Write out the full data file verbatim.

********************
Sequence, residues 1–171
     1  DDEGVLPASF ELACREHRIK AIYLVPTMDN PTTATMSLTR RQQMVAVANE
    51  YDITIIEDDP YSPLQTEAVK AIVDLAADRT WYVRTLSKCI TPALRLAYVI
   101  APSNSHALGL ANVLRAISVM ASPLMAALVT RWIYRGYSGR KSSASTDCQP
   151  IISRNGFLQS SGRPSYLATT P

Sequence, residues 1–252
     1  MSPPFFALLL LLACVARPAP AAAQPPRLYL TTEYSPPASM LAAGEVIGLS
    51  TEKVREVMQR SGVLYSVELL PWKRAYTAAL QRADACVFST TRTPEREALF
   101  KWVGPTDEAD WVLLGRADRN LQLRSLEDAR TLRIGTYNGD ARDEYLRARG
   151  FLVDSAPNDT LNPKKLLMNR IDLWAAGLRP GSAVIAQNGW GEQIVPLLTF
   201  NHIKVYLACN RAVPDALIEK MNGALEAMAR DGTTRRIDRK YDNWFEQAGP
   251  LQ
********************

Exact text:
Sequence, residues 1–171
     1  DDEGVLPASF ELACREHRIK AIYLVPTMDN PTTATMSLTR RQQMVAVANE
    51  YDITIIEDDP YSPLQTEAVK AIVDLAADRT WYVRTLSKCI TPALRLAYVI
   101  APSNSHALGL ANVLRAISVM ASPLMAALVT RWIYRGYSGR KSSASTDCQP
   151  IISRNGFLQS SGRPSYLATT P

Sequence, residues 1–252
     1  MSPPFFALLL LLACVARPAP AAAQPPRLYL TTEYSPPASM LAAGEVIGLS
    51  TEKVREVMQR SGVLYSVELL PWKRAYTAAL QRADACVFST TRTPEREALF
   101  KWVGPTDEAD WVLLGRADRN LQLRSLEDAR TLRIGTYNGD ARDEYLRARG
   151  FLVDSAPNDT LNPKKLLMNR IDLWAAGLRP GSAVIAQNGW GEQIVPLLTF
   201  NHIKVYLACN RAVPDALIEK MNGALEAMAR DGTTRRIDRK YDNWFEQAGP
   251  LQ